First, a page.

Early Outlines Indicate Steep Cuts within NOAA
Published: March 08, 2017
A preliminary OMB budget memo outlines a 17% cut in current funding levels for NOAA in FY2018.
According to a four-page budget memo obtained by The Washington Post on March 3, the Trump administration has placed the budget of the Department of Commerce, specifically the National Oceanic and Atmospheric Administration (NOAA), on the chopping block.
New secretary, Wilber Ross, was confirmed by the Senate on February 27 and in his first address to agency employees on March 1, he stressed a number of immediate goals the agency must pursue, including launching more satellites under NOAA and securing appropriations from Congress.
What might be to Ross’ dismay, however, is the overall 18% budget cut facing Commerce and more specifically, the suggested 17% cut for the NOAA budget in FY2018 based on the OMB documents.
In the past, NOAA has enjoyed a subtle but steady increase in funding with a compound annual growth rate of 2% between FY2013 and FY2017:
This growth pattern will likely see an end with the FY2018 budget. Under the proposal, research under the Office of Oceanic and Atmospheric Research is at risk of losing $126 million (26%) in funding and $513 million (22%) in the office’s satellite data funding. Moreover, the $73 million National Sea Grant College Program that performs coastal research under the division is facing complete elimination.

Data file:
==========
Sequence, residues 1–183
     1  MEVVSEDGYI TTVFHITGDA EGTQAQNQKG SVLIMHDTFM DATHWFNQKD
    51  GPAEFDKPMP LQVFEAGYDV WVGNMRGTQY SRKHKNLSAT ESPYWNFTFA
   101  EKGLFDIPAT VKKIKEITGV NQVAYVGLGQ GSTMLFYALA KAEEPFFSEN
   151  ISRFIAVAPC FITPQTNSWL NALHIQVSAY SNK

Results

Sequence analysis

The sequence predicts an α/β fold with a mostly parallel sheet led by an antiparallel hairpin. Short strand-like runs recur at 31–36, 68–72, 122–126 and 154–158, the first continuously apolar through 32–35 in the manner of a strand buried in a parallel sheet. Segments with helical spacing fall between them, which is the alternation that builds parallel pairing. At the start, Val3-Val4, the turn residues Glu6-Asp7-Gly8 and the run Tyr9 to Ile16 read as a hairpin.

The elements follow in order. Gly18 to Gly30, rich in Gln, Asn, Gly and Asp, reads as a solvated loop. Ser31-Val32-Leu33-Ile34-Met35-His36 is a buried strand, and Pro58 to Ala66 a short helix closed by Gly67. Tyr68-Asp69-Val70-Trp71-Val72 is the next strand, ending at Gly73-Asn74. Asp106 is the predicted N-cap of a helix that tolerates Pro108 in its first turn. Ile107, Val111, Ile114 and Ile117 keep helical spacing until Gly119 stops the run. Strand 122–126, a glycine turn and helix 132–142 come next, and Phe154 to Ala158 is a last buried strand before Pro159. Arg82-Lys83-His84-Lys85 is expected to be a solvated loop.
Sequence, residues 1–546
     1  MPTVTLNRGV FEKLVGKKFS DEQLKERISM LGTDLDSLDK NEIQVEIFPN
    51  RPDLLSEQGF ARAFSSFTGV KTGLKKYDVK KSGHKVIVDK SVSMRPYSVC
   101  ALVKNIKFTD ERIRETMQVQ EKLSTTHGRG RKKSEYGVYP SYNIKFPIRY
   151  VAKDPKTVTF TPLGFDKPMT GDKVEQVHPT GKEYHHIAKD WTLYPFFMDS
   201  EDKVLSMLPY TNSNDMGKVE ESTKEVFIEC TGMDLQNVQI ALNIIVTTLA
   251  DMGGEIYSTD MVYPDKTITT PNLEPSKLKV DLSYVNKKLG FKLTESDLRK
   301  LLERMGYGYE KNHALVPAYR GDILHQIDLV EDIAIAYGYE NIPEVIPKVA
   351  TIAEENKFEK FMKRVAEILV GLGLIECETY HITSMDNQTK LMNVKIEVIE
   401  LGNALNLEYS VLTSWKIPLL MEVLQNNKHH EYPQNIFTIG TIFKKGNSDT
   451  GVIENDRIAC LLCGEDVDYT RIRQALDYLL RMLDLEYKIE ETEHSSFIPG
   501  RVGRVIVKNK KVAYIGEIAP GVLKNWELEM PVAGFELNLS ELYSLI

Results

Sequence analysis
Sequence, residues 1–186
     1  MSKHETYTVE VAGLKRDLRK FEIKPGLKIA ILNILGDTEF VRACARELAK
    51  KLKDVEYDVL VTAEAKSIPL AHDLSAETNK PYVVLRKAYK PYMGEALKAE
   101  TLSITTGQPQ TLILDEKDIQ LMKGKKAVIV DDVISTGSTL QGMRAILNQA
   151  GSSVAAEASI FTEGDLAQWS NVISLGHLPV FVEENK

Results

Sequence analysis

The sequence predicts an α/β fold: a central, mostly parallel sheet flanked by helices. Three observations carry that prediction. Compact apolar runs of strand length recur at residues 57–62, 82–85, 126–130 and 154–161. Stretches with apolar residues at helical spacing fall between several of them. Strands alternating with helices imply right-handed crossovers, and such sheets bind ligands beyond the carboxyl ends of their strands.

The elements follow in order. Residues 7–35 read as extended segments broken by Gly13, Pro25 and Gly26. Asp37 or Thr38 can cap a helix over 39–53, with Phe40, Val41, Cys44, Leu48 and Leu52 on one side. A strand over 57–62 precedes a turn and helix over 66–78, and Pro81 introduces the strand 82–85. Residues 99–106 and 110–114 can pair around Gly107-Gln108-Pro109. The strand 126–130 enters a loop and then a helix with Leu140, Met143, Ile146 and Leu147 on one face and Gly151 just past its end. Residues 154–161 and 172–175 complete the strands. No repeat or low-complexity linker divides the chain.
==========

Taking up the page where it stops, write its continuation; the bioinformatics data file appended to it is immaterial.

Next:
The National Environmental Satellite, Data & Information Services is expected to be dealt the largest single cut in funding under NOAA, primarily under its National Centers for Environmental Information which collects key climate information. Other details from the memo include 5% cuts to the National Marine Fisheries Service and National Weather Service. It is unclear how much or if other offices under NOAA such as the Office of Marine and Aviation Operations will be affected by the expected decreases in funding.
An organization breakdown of NOAA is provided below to cast a wider picture of where the cuts may be targeted related to other NOAA programs:
Though it seems like climate and environmental research and data are being targeted most by the cuts in funding, the IT sector will not exactly see a boost in spending either. As an example, the article states that the White House intends to come up with options to modernize outdated infrastructure but that “agencies should not expect increases in their fiscal 2018 discretionary-spending ‘toplines’ as a result.”
All of this makes one wonder about the upcoming acquisitions being procured under the PRO-TECH contract vehicle. PRO-TECH is a $3 billion program designed to provide professional and technical services to five categorized domains under NOAA, including ocean and weather programs (refer to GovWin Opportunity ID: 78803). If these very programs that the contract vehicle aims to support are strangled of funding, could the contract vehicle really reach its described potential and value?
Ultimately, these budget figures are undergoing the “passback” phase between the White House and agencies and will then eventually take their course through the appropriations process. Regardless, these preliminary figures give a window into the White House’s initial thoughts and priorities for the Department of Commerce.